4 Sample “Biases” to Be Discussed Here Clinician “biases”  The illusion that more features is better; false intuitions; jumping to conclusions; the small sample bias; base-rate neglect; the illusion of validity; the exposure effect Patient “biases”  The framing sway; the halo effect; the exposure effect; effects of evaluative attitudes

5 Kahneman’s Thinking: Fast and Slow (2011) Daniel Kahneman won the Nobel Prize in economics in 2002 for work (most of it with Amos Tversky) that is very relevant to decision making. Entertaining book that includes, among other topics, an inventory of decision-making biases and the psychological experiments used to establish their existence. These biases occur under the radar of human perception, which is why a system like CLAD can be very useful: detect what a clinician might not.

6 The “Florida Effect”: Priming Students assembled 4-word sentences out of sets of 5 words For one group of students, half of the word sets involved “elderly” words: Florida, forgetful, bald, gray, wrinkle After this experiment, the students were sent down the hall to do another experiment and the walk down the hall was the actual point of the experiment The students with the elderly words walked down the hall much more slowly than the others.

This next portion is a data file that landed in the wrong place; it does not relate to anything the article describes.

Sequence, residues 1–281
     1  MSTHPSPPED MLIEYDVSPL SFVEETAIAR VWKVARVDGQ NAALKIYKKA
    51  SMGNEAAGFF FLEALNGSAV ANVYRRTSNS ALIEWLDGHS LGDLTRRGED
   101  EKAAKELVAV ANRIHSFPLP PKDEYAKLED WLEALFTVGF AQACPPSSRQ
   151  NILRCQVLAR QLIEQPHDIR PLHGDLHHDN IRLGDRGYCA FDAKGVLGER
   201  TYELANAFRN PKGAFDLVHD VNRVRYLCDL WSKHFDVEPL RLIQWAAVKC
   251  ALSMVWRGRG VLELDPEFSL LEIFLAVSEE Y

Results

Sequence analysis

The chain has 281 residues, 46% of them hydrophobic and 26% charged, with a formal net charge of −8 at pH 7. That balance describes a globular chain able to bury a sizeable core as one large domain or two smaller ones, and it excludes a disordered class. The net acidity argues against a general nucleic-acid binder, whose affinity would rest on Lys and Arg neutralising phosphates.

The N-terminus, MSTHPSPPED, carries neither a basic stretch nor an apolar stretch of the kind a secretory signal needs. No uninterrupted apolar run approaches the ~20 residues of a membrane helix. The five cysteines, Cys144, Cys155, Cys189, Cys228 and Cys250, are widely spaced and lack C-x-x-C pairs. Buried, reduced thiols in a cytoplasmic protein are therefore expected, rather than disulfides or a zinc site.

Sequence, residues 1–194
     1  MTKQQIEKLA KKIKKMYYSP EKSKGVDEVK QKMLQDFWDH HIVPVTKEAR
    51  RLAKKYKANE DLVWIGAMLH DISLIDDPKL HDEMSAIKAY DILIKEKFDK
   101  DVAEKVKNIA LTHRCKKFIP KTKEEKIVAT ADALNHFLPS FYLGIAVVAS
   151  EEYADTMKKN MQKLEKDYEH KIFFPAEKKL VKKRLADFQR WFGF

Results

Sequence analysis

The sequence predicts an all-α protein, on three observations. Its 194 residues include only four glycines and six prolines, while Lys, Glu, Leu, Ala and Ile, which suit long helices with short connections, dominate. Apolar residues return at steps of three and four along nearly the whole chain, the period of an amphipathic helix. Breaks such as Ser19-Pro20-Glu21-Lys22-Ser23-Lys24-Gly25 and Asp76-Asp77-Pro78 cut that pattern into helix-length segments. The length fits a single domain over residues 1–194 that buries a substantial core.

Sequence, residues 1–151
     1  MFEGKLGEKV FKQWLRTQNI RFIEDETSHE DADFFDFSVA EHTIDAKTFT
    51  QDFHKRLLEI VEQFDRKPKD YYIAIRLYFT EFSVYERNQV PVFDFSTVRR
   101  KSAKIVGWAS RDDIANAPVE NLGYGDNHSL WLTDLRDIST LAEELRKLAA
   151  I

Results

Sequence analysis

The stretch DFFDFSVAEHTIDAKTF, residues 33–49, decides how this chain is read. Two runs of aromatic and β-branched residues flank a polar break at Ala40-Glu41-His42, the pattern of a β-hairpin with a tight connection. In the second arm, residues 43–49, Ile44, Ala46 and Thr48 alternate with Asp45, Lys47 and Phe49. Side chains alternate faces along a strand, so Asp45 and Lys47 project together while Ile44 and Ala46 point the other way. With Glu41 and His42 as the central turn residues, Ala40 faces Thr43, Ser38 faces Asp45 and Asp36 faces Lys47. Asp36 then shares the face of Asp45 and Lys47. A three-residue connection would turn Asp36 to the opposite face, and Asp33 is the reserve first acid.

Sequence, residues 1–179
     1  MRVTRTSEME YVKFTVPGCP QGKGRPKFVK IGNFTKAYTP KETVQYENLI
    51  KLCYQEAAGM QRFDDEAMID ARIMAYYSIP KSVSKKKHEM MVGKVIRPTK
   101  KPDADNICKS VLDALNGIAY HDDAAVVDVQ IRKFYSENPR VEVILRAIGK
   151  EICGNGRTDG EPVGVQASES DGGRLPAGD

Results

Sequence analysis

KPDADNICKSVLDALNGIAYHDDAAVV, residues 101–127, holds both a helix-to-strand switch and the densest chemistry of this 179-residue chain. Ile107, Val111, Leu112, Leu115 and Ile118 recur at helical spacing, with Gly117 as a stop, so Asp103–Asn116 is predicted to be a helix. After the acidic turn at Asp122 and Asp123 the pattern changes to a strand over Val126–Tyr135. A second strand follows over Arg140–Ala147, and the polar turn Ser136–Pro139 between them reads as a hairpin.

7 Predicting Performance at Officer Training School: The Illusion of Validity The task: attempt to predict which cadets will do well in officer training school in the Israeli army Evaluators watched a training exercise called the “leaderless group challenge” involving getting everyone over a wall without touching the wall and without the log they could use as a tool touching the wall. Then the evaluators discussed their impressions, gave numerical scores to each candidate. Their predictive power was “negligible”. “We knew as a general fact that our predictions were little better than random guesses, but we continued to feel and act as if each of our specific predictions was valid” (Kahneman 2011: 211) (the illusion of validity).

8 If we want an intelligent agent to help a live clinician (a) to avoid his own decision-making biases, and (b) to help his patients to avoid biases as well, what capabilities does the intelligent agent need?